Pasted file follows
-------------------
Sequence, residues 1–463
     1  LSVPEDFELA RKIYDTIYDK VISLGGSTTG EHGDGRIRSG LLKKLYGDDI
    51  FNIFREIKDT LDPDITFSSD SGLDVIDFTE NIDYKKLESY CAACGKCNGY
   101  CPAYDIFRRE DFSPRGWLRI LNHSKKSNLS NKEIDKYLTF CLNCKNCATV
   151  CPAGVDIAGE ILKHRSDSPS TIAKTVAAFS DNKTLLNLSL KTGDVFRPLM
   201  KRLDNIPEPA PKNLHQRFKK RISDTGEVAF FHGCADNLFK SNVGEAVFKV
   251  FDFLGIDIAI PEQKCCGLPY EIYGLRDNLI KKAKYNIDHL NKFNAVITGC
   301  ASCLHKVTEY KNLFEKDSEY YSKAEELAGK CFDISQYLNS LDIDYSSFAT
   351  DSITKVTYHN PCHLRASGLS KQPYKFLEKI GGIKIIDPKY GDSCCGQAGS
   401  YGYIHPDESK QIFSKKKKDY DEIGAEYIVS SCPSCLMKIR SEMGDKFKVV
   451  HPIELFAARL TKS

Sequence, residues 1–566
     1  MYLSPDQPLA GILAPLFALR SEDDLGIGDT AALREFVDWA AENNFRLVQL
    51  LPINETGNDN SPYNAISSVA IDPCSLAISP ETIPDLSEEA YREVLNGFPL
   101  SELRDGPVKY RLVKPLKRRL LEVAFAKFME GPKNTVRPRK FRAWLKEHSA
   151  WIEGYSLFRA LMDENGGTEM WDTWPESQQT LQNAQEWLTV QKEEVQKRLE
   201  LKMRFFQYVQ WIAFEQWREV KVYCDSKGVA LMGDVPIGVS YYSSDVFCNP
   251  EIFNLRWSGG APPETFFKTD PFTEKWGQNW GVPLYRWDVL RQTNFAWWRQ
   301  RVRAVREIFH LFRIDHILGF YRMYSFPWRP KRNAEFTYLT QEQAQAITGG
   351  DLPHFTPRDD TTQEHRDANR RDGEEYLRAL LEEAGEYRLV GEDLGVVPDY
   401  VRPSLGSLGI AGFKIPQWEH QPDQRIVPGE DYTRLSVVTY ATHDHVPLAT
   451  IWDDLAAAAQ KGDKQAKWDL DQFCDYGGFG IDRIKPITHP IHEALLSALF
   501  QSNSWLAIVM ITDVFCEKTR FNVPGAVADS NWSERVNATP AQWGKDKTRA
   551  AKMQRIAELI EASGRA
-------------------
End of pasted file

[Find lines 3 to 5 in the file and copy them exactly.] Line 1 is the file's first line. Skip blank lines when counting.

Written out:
    51  FNIFREIKDT LDPDITFSSD SGLDVIDFTE NIDYKKLESY CAACGKCNGY
   101  CPAYDIFRRE DFSPRGWLRI LNHSKKSNLS NKEIDKYLTF CLNCKNCATV
   151  CPAGVDIAGE ILKHRSDSPS TIAKTVAAFS DNKTLLNLSL KTGDVFRPLM